By Lewis Barr | Posted on January 25, 2018
Data Privacy Day - Sunday, January 28 - commemorates the first international treaty for privacy and data protection as one effort to promote privacy awareness worldwide. Last year was a watershed in privacy awareness. While many of last year’s privacy conversations in Europe focused on preparations for, and the anticipated impact of, the General Data Protection Regulation (GDPR) which takes effect this May, press coverage of the Equifax breach and the continued lack of a comprehensive U.S. data protection law highlighted the lack of adequate personal data protection in the U.S. As in many areas, the U.S. government is lagging behind the leadership of many U.S. enterprise businesses which recognize that consumer and employee confidence in how businesses treat their personal data is key to establishing a mutually beneficial, long-term relationship.
In contrast to the lack of a coordinated U.S. approach to privacy and data protection, Estonia has built a personal data sharing platform. A recent New Yorker article, Estonia - The Digital Republic, highlights Estonia’s success in creating this secure online platform for its citizens to use for significant applications from authenticating themselves for online voting, to sharing medical records with health care providers and others, to paying taxes. The platform reportedly is based on the principle that an individual owns all the information recorded about him or her, such that every interaction by a third party with that information is recorded and, thereby traceable for accountability. More impressive than the transactional efficiencies afforded by a user’s ability to control online access to his or her personal data is Estonia’s success in securely operationalizing the principle of citizen control over their respective personal information online.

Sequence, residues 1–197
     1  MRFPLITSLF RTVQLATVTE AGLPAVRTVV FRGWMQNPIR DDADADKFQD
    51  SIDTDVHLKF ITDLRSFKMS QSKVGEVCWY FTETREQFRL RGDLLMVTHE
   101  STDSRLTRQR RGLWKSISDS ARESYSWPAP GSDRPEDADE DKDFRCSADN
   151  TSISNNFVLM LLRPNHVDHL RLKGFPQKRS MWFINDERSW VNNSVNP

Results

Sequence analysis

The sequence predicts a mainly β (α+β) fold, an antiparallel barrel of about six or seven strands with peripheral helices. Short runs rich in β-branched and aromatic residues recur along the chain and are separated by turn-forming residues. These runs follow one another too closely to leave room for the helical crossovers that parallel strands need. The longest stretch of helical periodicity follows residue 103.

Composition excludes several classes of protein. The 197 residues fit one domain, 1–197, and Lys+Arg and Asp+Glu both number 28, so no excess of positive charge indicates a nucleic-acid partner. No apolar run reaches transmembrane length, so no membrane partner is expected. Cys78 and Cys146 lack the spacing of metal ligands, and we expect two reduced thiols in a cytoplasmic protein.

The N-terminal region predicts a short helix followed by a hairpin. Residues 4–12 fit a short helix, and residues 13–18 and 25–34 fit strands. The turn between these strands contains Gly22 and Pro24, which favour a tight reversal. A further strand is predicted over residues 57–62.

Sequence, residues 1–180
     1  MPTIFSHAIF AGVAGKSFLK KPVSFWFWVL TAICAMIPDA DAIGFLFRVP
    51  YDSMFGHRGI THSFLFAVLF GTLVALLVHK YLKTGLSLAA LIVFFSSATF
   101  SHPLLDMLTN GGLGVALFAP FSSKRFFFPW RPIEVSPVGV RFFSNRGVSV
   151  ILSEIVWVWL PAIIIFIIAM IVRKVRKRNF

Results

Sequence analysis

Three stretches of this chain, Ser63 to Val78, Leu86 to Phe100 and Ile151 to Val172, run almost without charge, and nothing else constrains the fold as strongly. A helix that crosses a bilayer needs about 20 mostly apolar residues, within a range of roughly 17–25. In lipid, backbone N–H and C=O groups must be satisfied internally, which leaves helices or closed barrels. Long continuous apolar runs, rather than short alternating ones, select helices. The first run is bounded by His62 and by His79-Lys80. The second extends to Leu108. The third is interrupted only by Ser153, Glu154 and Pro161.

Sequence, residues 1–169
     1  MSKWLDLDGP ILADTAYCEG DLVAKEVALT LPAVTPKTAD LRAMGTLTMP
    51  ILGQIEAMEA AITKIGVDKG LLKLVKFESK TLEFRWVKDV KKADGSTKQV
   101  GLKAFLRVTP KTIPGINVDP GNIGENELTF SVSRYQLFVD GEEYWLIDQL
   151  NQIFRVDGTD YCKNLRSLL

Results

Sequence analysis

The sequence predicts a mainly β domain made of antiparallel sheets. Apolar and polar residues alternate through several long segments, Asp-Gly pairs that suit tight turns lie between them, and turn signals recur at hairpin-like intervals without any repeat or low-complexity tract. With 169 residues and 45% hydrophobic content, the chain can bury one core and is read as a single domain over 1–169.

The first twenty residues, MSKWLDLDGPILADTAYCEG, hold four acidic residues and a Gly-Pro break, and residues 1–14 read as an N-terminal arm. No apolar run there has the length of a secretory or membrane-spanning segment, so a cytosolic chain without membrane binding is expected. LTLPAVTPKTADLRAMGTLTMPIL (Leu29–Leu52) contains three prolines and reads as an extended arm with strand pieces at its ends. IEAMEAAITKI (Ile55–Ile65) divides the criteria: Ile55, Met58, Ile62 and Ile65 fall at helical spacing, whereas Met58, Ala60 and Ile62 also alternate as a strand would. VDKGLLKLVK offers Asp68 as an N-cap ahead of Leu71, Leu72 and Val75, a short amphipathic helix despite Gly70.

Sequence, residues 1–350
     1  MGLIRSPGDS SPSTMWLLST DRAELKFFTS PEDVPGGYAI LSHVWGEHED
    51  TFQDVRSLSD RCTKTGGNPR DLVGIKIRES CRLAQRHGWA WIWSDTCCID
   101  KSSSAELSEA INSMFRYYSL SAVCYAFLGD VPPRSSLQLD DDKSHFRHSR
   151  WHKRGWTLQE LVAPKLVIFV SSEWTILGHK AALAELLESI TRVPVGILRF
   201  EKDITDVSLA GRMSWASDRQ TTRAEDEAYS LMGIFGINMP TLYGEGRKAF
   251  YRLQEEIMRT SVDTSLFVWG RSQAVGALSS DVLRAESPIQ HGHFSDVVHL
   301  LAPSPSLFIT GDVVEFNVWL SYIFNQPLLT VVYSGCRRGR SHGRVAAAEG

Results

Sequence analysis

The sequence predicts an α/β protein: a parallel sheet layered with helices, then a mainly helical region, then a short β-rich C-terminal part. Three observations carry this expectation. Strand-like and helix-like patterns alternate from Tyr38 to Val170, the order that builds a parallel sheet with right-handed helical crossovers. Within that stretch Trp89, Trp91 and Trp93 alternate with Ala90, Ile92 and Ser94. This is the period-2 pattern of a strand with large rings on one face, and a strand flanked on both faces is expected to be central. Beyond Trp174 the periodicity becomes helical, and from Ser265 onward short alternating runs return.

Estonia’s approach of putting the individual in the personal data sharing driver seat aligns nicely with the General Data Protection Regulation that will take effect in all EU member states this coming May and also be applied to non-European companies marketing to EU residents. In contrast, in the United States, with rare exception, data brokers and other entities without established individual customer relationships or consent continue to obtain and process vast amounts of personal data with little regulatory oversight, let alone the threat of significant fines (like those which may be imposed under the GDPR) for failing to reasonably protect the data processed. Case in point is the credit bureau Equifax, which failed to update its software with available security patches. The result was that the personal data of about 143 million people, including their social security and driver license numbers, was put at risk as a result of the breach.
While much has been written about the Equifax breach apart from its magnitude -- from questioning the continued use of certain personal identifiers to the impunity which which Equifax operated -- perhaps the most striking aspect of the press coverage was that there was little question over the right of Equifax to be collecting and otherwise processing the personal data of hundreds of millions of individuals without their clear understanding in the first place. To add insult to injury, the former chief executive of Equifax’s asserted in a Congressional hearing that an individual should not be able to delete her data held by the company. Such a position would be untenable under the GDPR, which requires a company to honor an individual’s request that it delete her data. Despite much questioning and expressions of disgust by members of Congress, in the end no action was taken.
So where does that leave us today? Painfully aware that the need for strong national privacy and data protection in the U.S. remains while individuals should continue to take sensible measures to protect themselves, including by only engaging with brands that put them in the driver seat when it comes to the treatment of their personal data.
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